Barbie Cervoni MS, RD, CDCES, CDN, is a registered dietitian and certified diabetes care and education specialist.
Do-Eun Lee, MD, has been practicing medicine for more than 20 years, and specializes in diabetes, thyroid issues and general endocrinology. She currently has a private practice in Lafayette, CA. 
Because certain foods, such as carbohydrates, directly impact your blood sugars, your diet is one of the most important factors in managing diabetes. Carbohydrates are found in foods such as grains, fruit, dairy, legumes, and sweets.
When metabolized carbohydrates turn into sugar (glucose), which is the body's primary source of energy, insulin, a hormone produced by the pancreas, takes glucose from the bloodstream to the cells to use for energy.
When you have diabetes, managing blood sugar can be difficult either because your pancreas isn’t making enough insulin or the insulin it makes isn’t being used efficiently. Learning how to eat a balanced, modified carbohydrate diet can help you lose weight if you need to and better manage your blood sugars. Use a glucometer to monitor your blood sugar at home.
A balanced carbohydrate diet can mean reducing carbohydrate intake, counting carbohydrates, or eating a consistent carbohydrate diet. There are many types of meal plans that can help you lose weight. Spend some time understanding some of the best ways to eat for diabetes to get you jump started.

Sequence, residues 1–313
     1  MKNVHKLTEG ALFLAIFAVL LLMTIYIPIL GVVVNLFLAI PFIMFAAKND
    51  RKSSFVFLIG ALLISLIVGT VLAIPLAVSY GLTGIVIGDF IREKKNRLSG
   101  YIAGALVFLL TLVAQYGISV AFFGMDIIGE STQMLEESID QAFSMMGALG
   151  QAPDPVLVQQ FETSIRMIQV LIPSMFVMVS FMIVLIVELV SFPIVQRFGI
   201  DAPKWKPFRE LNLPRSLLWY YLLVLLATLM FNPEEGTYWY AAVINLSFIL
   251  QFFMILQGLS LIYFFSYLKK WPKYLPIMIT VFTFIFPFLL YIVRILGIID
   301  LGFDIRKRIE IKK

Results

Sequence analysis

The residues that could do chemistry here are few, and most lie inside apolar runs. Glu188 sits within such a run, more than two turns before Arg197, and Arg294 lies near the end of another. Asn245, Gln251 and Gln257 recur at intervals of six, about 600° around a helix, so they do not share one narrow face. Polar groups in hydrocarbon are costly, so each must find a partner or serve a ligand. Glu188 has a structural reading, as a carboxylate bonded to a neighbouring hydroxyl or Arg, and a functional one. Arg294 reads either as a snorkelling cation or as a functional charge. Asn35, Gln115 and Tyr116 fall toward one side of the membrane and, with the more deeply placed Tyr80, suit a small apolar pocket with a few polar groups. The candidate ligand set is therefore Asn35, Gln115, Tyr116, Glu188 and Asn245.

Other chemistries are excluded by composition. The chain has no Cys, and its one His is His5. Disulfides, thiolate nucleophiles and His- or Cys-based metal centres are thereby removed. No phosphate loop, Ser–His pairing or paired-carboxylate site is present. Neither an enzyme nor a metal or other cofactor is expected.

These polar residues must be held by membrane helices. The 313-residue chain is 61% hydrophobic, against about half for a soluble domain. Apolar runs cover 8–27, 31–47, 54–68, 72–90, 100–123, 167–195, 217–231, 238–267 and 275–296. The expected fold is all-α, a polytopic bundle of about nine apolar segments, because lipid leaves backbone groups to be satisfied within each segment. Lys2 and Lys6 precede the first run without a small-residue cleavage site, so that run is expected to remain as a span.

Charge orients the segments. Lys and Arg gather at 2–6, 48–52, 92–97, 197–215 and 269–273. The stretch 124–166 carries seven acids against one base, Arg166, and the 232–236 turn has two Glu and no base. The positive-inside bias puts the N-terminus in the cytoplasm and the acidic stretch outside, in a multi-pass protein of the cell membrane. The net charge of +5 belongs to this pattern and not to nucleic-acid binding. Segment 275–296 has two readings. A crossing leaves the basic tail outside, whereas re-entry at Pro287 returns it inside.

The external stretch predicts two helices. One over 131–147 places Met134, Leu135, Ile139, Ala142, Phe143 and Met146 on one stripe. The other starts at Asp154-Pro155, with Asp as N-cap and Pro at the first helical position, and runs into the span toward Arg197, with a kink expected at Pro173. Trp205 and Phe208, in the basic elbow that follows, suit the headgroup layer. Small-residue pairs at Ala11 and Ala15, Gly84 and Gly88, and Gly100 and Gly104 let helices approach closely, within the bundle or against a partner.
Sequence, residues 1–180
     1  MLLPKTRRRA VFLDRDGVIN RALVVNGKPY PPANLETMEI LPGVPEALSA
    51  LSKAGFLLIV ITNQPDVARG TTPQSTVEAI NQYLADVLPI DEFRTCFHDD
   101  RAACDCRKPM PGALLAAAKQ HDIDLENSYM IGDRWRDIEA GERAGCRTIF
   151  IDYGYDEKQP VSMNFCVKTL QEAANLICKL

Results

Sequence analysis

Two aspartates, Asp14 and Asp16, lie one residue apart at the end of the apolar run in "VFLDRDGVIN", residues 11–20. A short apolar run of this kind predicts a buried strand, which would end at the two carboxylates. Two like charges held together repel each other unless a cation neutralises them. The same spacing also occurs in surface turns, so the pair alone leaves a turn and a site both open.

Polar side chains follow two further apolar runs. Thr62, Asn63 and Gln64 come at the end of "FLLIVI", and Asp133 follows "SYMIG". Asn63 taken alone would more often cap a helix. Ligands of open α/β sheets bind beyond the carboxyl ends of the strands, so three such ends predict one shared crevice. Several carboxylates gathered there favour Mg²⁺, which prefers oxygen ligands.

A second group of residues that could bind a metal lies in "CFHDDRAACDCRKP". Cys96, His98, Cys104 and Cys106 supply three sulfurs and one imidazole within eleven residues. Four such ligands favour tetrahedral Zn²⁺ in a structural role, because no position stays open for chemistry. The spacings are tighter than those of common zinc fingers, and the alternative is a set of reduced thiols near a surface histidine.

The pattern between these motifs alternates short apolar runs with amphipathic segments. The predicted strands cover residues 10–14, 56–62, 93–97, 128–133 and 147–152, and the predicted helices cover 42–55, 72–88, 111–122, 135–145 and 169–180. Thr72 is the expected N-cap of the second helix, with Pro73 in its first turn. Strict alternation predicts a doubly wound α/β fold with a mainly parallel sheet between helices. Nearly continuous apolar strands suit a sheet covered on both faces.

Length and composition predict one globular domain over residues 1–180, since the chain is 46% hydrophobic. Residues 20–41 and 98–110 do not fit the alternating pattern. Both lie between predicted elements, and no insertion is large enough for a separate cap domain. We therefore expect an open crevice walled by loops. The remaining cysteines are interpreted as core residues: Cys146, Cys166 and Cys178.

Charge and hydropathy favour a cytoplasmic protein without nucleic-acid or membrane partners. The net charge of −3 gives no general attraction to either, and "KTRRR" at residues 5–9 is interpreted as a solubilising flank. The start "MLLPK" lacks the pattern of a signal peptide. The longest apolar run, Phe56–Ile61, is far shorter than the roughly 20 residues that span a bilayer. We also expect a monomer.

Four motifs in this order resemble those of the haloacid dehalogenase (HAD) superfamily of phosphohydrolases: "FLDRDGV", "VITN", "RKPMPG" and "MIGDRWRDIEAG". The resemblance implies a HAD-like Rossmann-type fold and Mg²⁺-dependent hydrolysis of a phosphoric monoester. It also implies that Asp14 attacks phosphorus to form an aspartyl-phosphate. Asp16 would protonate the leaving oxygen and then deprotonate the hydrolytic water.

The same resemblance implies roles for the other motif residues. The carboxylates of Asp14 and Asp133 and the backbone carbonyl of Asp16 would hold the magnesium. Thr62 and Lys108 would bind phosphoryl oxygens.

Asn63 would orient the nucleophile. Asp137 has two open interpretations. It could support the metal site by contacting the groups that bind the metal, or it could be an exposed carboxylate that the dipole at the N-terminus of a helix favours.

Educate yourself as much as you can about nutrition. Learn about what foods you can eat, what foods you should limit, when you should eat, and how to portion control your food.
Please note that exact portions differ from person to person based on calorie needs, weight, etc. Here are some great ways to get started.
The plate method is an easy way to portion control your food without having to directly count your carbohydrates. Its emphasis is on increasing non-starchy vegetables, whole grains, and lean protein.
The plate method can help you increase fiber intake. Fiber-rich foods can help slow down how quickly your blood sugars rise. Eating a high-fiber diet may also help you to lose weight because high-fiber foods are metabolized at a slower pace, which helps you to feel full.
Feeling full more quickly can help to reduce your calorie intake and aid in weight loss. High-fiber foods are also often rich in vitamins and minerals, which boosts your nutrition.
To practice the plate method, simply divide your plate into three. Make half your plate non-starchy vegetables, such as salad, broccoli, string beans, cauliflower, tomatoes, etc.
Dedicate a quarter of your plate to lean protein, such as roasted chicken, grilled or baked fish, or lean meat like sirloin steak. Your portion of protein should be about 3 to 4 ounces (the size of a deck of cards, or the palm of your hand).
Lastly, make a quarter of your plate a complex carbohydrate, such as whole grains like quinoa, brown rice, barley, a starchy vegetable like baked sweet potato, or a legume like chickpeas, or black beans. Your portion should be about 1 cup or about a fist full.